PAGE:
Research is Ceremony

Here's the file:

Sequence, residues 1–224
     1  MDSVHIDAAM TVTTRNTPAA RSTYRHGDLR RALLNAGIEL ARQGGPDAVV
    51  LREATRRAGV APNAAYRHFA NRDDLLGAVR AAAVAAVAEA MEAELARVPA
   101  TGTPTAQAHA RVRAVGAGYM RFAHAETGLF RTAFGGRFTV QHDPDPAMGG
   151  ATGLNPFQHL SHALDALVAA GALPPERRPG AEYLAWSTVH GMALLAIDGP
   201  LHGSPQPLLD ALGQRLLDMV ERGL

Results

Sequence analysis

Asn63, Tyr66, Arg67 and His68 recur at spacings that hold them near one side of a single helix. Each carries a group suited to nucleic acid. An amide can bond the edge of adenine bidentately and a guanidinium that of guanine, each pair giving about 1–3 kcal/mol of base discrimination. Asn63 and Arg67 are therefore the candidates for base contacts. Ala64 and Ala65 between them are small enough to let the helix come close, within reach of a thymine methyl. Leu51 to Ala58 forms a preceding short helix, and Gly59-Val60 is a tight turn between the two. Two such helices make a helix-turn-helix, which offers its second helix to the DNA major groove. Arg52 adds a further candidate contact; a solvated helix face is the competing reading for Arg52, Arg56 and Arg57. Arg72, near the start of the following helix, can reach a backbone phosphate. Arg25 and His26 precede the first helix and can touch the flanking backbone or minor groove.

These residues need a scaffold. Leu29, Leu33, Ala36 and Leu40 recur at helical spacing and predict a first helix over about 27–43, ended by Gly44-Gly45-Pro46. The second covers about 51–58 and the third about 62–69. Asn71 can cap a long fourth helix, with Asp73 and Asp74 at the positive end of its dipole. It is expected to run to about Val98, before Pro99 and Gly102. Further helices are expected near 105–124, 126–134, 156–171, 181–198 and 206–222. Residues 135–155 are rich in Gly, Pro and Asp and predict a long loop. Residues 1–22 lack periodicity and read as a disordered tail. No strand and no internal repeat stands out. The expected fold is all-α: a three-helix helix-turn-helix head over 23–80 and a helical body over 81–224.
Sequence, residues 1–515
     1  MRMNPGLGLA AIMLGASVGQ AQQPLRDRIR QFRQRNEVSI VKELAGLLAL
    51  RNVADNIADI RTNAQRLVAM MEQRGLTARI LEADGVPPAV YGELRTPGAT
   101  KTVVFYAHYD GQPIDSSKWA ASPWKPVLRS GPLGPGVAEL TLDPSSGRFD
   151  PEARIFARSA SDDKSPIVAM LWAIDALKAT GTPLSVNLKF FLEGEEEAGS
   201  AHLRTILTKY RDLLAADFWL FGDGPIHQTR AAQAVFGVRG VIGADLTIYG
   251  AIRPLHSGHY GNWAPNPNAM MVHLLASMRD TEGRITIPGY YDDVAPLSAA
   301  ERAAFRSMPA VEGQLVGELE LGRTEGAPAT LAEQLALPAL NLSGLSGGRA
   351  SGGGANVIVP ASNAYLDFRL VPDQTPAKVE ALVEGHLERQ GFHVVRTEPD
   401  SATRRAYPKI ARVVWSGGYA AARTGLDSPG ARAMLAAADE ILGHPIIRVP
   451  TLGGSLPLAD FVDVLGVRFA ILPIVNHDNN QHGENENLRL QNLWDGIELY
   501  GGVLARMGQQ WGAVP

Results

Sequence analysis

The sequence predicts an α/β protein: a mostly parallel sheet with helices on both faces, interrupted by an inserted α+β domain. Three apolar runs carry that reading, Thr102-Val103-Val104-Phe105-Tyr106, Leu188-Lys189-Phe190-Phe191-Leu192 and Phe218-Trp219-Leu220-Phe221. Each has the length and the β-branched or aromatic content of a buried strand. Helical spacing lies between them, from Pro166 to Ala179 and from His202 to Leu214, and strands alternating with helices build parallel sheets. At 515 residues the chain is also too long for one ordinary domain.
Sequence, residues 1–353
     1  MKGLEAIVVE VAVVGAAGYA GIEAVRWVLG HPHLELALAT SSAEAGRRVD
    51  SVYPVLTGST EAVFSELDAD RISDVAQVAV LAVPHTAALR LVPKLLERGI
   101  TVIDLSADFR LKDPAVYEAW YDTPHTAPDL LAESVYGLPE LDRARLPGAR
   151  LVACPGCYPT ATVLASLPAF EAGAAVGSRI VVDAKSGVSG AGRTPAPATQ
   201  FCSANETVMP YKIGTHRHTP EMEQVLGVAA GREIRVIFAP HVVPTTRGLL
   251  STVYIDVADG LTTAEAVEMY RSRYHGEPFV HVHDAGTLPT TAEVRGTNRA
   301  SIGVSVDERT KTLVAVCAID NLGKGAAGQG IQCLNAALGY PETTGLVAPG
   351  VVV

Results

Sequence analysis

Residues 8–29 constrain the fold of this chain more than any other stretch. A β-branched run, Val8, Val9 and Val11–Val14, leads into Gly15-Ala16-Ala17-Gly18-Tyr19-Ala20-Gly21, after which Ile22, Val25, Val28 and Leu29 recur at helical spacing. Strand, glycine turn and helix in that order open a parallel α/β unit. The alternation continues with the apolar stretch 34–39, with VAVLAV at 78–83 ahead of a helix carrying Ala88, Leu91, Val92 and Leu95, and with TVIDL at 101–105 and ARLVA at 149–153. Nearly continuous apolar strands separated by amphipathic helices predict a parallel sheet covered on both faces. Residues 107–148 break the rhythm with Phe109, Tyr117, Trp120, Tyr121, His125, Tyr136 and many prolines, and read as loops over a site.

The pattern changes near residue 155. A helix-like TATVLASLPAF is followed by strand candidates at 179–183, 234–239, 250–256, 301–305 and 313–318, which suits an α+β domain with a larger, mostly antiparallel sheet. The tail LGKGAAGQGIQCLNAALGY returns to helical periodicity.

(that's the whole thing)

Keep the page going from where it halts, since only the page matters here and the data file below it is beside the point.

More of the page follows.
As a Chicano who acknowledges both my European and Indigenous heritage, I think it is important for me to take into consideration ceremonial practices when conducting research. During my college years at Humboldt State University, I was introduced to the concept of the Indigenous Research Paradigm. Shawn Wilson (2009) describes this paradigm as a way that guides our actions as researchers. These beliefs include the way that we view reality (ontology), how we think about or know this reality (epistemology), our ethics and morals (axiology), and how we think about gaining more knowledge about reality (methodology). A strong indigenous research paradigm can provide ways to celebrate the uniqueness and glory of indigenous cultures. Currently I am reading Gregory Cajetes’ Native Science: Natural Laws of Interdependence, in order to better understand this paradigm that I am shifting towards. So far the book has blown my mind with the immense knowledge that it has available. I am using this as a foundation for my research work that I am currently involved in. However, I also acknowledge that this project is my supervisors’ and I must respect their ethics while understanding the paradigms, pedagogy, and limitations of Western science. As I continue my journey this summer I will conduct my research in a ceremonial manner. A ceremony that I will solely take up since I am working by myself for 5-8 days out in the back country. I will take the knowledge gained by my mentors to guide my ethics and epistemology along my journey. Image of my campsite at White Wolf in Yosemite National Park. View of White Wolf are at Yosemite National Park.

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